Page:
[…] Even when we are faced with an unfinished work of art, the greatness of the authordefines it and makes it magnificent in itself: it is the Unfinished. In fact, it is preciselybecause it has not been concluded that the artist cloaks himself in legend and in a furtherstory that embellishes hisexistence since the immortality of his genius will always be tracedback to his mortal being. The genius is still among us-immortal-, but through thatincompleteness we remember that it was like us–mortal. But an unfinished work of art tellsus even more: it tells us about the creative process, the authorial gesture’s desire that wants toreach the essence, the genius’ vitality that struggles with the indolence of illness, the mysteryof a mind who does not notice the created beauty and abandons it, acontradictory era, like alleras, which establishes the canons but does not recognize the masterpieces. No unfinishedwork of art is minor, precisely because it is more open than a finished work of art. To fullyunderstand the wonder that such incompleteness causes, it is enough to dwell on thediscomfort that instead produces another type of unfinished works: infrastructural, building,urban ones. […]
Franco Carlisi’s eye keeps catching some “off-screen”
images and gives them back to us, I would say just as a narrator, with
an extraordinary liveliness and intensity.
An absent look, a distracted bride, the suffering aspect of a parent for the coming separation.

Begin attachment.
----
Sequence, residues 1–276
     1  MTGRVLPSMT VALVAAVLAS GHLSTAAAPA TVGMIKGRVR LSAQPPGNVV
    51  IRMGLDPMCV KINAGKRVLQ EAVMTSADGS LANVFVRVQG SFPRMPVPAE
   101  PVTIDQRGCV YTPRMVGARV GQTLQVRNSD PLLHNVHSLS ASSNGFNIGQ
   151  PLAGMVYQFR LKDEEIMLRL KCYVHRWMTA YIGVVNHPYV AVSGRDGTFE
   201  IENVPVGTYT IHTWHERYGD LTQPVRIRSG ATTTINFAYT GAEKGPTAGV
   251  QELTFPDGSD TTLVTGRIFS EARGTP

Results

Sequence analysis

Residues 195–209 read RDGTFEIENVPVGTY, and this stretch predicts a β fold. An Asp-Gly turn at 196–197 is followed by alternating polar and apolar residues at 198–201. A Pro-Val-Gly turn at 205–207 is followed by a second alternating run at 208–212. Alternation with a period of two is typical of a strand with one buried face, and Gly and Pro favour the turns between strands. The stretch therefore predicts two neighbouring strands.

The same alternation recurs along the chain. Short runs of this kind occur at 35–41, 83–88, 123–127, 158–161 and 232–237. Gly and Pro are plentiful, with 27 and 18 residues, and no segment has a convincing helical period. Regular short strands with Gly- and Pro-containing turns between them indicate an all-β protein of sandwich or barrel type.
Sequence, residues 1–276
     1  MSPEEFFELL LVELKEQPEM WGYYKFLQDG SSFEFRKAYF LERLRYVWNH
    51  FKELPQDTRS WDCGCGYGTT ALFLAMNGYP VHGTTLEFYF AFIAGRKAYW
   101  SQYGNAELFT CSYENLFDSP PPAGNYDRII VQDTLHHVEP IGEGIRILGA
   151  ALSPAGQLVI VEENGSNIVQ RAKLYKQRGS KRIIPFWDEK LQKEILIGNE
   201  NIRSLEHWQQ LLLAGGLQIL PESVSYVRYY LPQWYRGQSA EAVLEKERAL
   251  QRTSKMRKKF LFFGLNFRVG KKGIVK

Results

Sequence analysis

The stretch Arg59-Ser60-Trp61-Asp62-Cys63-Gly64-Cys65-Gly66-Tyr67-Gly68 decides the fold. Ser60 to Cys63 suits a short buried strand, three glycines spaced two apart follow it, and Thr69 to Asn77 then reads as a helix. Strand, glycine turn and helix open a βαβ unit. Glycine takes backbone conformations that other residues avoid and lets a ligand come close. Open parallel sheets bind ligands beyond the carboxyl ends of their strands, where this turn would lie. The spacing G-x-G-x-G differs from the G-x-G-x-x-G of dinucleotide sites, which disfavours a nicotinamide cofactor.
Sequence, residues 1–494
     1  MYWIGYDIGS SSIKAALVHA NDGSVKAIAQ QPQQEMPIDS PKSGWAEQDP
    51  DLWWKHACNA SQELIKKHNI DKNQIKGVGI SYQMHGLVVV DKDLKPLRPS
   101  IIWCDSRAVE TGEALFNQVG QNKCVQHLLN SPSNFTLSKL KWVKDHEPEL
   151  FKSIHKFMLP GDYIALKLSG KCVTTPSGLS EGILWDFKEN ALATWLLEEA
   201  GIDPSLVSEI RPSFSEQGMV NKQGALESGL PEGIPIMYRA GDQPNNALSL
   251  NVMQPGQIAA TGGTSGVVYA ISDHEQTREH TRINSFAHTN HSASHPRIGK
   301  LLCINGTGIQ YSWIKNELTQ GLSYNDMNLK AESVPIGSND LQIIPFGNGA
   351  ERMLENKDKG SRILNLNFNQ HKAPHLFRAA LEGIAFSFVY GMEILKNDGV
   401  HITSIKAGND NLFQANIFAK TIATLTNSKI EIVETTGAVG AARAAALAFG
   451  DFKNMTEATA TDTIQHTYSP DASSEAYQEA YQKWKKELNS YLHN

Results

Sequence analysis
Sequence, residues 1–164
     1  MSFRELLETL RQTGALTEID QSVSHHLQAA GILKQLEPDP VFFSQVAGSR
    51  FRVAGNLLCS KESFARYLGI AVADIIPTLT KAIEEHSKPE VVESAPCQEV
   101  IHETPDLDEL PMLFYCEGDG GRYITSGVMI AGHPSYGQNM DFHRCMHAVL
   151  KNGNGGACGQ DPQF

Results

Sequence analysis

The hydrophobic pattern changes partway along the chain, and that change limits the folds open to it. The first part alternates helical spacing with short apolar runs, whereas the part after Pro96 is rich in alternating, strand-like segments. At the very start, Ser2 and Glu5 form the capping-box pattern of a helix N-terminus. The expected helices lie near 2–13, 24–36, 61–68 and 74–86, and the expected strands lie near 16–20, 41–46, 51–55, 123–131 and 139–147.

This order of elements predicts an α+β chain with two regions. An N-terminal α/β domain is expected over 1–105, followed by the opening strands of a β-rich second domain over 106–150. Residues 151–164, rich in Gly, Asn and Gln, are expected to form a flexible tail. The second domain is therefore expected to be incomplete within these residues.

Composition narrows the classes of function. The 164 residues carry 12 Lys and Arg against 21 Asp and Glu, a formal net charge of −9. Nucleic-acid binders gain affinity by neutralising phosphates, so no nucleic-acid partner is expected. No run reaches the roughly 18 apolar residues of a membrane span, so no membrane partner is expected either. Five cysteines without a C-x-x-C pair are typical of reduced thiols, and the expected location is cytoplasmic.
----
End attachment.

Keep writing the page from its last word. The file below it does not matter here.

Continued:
They are photos that will never enter the official album authorized to be the matrix of memories. The dressmaker breaking a thread of the bride’s immaculate dress with her teeth would be out of place.
The wedding photos usually long for elusiveness, lightness, purity, solemnity.
Instead, through Carlisi’s eye, everything becomes physical, strong experienced, real, without half tones. See the bride breastfeeding her child.
Aren’t they a story of great expressive strength?
Someone who is called Lenin must have a certain destiny. Strong is the imprinting, the connotation of the struggle of the peasants, the popular conscience, the great Communist dream dashed upon the rocks of Soviet dictatorship, but which in our Emilia part of the Po valley, has remained an unrealised utopia. Therefore, those who bear what is more of an honour than a burden may be understood if they dedicate their existence to the simple life of the fields, painted with the colours of the countryside, scented with the smell of hay and stables, framed by the sunsets when the grass changes colour. It is the work in the fields and the peace of nature that brings humans closer to poetry. The poetry of things and the soul, a language that feeds on the vibrations of the damp, fertile earth which at other times is also arid.[...]